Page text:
There are a handful of leading economic indicators that when taken together have provided timely warnings of every US recession and recovery for at least the past sixty years. A monthly feature at TSI is a discussion, primarily based on these indicators but also taking into account expected monetary and fiscal policies, of the prospects for the US economy over the ensuing 6-12 months.
At the end of 2019, before anyone outside Wuhan had heard of the new coronavirus, the leading indicators we track pointed to a 60% probability of the US economy entering recession during the first half of 2020 and an 80% probability of the US economy entering recession before the end of 2020. The only reason the probabilities weren’t even higher was the possibility that the Fed’s money pumping following its 2019 “pivot” would push the recession start into 2021. The lockdowns of March 2020 eliminated any possibility that the inevitable recession would be postponed.
By early-July of 2020 it became clear, based on the same leading indicators, that the recession catalysed by the H1-2020 lockdowns was over. This informed our decision to begin favouring industrial commodities over .
It’s important to continue weighing new data and making adjustments in real time as required, but based on what is currently known the probability of the US economy slipping back into recession during the first half of 2021 is extremely low. There is, however, an uncomfortably high probability of the US economy re-entering recession territory during 2022.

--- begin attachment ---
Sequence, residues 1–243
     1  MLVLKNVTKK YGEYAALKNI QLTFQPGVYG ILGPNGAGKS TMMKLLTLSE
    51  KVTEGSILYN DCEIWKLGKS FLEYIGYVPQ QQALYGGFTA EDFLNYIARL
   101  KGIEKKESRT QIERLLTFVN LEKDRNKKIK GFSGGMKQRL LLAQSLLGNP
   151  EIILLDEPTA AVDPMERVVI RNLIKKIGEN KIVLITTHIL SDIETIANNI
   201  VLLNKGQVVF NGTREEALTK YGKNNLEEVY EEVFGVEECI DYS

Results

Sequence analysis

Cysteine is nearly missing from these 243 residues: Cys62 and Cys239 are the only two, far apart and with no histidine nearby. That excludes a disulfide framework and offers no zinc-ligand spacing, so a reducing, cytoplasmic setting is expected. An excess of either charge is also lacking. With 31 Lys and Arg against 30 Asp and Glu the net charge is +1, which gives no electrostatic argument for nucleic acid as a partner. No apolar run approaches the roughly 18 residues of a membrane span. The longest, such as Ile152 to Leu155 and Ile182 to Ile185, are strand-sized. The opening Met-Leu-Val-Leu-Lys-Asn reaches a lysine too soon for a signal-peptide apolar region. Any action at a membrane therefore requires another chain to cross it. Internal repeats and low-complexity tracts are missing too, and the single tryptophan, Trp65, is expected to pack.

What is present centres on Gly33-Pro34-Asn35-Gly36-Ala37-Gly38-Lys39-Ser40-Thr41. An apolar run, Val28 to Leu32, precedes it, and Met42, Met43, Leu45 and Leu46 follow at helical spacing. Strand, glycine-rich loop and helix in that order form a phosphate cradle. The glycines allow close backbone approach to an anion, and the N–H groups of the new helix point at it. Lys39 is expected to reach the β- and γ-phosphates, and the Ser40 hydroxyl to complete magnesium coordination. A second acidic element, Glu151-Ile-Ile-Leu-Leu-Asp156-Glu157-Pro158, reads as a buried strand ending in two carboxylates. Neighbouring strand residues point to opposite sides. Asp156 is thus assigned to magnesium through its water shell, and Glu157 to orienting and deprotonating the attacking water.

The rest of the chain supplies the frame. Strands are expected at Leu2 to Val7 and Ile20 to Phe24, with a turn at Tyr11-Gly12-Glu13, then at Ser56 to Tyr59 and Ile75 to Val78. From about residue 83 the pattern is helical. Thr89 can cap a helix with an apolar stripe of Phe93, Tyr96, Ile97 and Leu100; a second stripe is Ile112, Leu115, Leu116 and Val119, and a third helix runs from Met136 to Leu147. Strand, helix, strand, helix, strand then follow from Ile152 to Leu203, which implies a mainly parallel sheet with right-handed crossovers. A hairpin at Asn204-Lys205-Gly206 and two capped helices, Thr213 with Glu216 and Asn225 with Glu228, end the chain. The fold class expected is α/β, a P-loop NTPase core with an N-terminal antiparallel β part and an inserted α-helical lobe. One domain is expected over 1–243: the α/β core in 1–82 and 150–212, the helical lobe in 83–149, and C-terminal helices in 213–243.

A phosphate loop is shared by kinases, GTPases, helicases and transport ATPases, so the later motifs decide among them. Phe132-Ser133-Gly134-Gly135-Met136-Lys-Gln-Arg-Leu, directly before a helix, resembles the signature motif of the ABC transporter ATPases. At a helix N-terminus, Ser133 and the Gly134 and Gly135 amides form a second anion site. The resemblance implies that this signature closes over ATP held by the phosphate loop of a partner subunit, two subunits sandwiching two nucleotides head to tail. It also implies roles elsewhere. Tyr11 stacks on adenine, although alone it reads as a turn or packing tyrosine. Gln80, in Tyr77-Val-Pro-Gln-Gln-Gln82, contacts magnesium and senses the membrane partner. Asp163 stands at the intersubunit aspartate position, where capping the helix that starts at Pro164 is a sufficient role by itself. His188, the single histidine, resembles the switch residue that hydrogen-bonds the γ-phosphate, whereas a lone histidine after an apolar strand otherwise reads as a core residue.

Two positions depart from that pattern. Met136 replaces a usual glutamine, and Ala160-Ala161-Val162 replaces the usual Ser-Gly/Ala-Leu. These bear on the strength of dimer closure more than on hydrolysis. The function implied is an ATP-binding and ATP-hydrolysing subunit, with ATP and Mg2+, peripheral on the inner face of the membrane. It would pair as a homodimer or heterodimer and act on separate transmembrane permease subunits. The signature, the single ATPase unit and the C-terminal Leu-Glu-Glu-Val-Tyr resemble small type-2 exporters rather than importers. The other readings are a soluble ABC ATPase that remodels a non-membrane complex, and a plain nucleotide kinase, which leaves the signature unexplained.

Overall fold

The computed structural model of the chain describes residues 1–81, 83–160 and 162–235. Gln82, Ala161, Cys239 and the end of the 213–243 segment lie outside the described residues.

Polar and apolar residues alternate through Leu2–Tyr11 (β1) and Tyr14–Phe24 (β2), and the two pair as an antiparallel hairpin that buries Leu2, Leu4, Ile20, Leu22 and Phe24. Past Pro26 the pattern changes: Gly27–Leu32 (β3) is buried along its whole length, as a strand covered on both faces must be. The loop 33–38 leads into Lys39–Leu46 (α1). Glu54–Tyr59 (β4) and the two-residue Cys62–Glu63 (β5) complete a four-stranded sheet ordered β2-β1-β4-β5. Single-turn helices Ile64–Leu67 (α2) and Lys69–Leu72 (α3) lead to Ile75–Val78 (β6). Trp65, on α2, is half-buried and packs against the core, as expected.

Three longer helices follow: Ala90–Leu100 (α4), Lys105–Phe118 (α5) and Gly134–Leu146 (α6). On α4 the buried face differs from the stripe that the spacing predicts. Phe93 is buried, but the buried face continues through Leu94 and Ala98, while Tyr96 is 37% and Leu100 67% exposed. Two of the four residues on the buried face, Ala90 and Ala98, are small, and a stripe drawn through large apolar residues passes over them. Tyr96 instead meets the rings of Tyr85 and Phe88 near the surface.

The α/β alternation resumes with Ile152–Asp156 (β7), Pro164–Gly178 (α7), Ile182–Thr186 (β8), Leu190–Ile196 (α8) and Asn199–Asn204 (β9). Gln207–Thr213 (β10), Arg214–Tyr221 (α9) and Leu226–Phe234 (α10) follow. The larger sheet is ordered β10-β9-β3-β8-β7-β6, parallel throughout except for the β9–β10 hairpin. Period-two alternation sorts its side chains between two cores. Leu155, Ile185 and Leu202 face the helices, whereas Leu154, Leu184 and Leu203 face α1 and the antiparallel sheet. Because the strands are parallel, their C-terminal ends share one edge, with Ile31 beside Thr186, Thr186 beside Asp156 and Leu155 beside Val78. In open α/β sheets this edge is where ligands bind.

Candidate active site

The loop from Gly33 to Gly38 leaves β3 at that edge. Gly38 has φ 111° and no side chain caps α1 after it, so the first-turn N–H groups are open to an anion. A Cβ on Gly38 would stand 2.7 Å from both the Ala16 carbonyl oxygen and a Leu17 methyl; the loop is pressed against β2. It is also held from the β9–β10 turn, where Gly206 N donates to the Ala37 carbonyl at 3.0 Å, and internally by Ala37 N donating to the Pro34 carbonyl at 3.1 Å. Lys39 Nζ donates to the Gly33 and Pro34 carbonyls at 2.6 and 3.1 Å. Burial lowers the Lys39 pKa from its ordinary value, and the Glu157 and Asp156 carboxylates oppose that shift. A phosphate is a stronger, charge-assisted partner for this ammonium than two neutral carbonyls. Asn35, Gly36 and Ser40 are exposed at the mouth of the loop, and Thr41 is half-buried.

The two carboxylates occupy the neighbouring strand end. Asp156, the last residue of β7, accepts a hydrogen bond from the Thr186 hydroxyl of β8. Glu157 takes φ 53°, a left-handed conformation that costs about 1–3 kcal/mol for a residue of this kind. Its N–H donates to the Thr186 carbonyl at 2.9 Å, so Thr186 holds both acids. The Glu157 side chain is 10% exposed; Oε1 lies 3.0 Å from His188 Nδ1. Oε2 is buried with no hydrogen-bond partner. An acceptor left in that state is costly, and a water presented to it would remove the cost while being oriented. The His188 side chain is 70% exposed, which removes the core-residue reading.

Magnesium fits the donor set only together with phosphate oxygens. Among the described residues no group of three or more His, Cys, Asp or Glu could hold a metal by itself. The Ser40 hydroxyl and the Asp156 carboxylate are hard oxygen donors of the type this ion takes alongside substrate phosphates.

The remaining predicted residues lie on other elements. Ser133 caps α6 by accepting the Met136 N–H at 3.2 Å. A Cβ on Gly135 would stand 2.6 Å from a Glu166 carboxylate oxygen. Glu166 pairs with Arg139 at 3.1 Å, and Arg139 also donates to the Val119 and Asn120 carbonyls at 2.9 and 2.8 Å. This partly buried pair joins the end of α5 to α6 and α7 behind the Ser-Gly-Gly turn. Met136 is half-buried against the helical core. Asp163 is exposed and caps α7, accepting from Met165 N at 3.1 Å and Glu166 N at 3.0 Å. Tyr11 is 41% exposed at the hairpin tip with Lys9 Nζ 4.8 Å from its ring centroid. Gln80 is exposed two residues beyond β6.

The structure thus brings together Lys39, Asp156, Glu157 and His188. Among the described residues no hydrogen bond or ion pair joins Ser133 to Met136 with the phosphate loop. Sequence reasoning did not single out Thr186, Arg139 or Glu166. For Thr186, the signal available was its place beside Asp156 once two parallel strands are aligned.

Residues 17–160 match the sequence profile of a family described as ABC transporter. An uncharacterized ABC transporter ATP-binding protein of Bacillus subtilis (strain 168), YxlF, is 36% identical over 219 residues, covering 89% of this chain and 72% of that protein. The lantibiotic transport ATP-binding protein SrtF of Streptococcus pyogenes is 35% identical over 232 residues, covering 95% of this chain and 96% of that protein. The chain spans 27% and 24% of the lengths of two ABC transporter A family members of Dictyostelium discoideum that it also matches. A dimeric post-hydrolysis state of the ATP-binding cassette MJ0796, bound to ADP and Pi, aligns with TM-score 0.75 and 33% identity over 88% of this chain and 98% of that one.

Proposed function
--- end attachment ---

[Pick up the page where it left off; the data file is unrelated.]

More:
Here’s what we wrote in our latest monthly US Recession/Recovery Watch, which was part of a commentary published at TSI last week:
We called an end to the 2020 US recession in early-July of last year, mainly due to the spectacular rise in the ISM New Orders Index (NOI) that had just occurred. This call has been supported by subsequent data and eventually should be confirmed by the National Bureau of Economic Research (NBER)*, making last year’s recession the shortest in US history. The latest ISM data, which were published earlier this week, indicate that the recovery is intact.
The following monthly chart shows that the NOI remains near the top of its 20-year range, meaning that the US economy continues to recover from the devastation caused by the lockdowns directed by the government during the first half of last year.
ISM New Orders Index
Based on the economic and monetary data published over the past couple of months it’s possible that later this month the US government’s statisticians will report annualised nominal growth of at least 10% for Q4 2020 and likely that the US economy will achieve annualised nominal GDP growth of at least 5% during the first half of 2021. Are you long industrial commodity stocks?
The strength is largely artificial and will evaporate soon after the Fed is forced by blatant evidence of an inflation problem to end the monetary stimulus, but that is probably a story for the second half of this year and beyond. Over the next 1-2 quarters it’s a good bet that the monetary tsunami will continue, courtesy of both the Fed and the government. For example, the US federal government has just sent $600 “stimulus” checks to most Americans, but that won’t be the end of it. President-elect Biden wants to send another $2000 to every American and a massive infrastructure spending program is ‘on the cards’.
It’s amazing what the government can do when it stops pretending to care about its own indebtedness and embraces the spirt of Modern Monetary Theory (MMT).
*It can take the NBER, the official arbiter of US recession dates, a year or more to confirm a recession start/end date.